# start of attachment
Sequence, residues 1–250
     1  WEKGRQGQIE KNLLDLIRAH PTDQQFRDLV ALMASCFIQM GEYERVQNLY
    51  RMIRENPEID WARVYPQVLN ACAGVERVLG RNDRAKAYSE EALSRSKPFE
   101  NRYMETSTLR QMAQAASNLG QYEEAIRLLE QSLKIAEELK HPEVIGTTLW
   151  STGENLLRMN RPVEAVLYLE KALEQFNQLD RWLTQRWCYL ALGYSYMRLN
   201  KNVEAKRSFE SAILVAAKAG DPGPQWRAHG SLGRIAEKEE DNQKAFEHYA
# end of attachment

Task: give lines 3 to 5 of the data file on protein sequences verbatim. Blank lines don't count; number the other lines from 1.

    51  RMIRENPEID WARVYPQVLN ACAGVERVLG RNDRAKAYSE EALSRSKPFE
   101  NRYMETSTLR QMAQAASNLG QYEEAIRLLE QSLKIAEELK HPEVIGTTLW
   151  STGENLLRMN RPVEAVLYLE KALEQFNQLD RWLTQRWCYL ALGYSYMRLN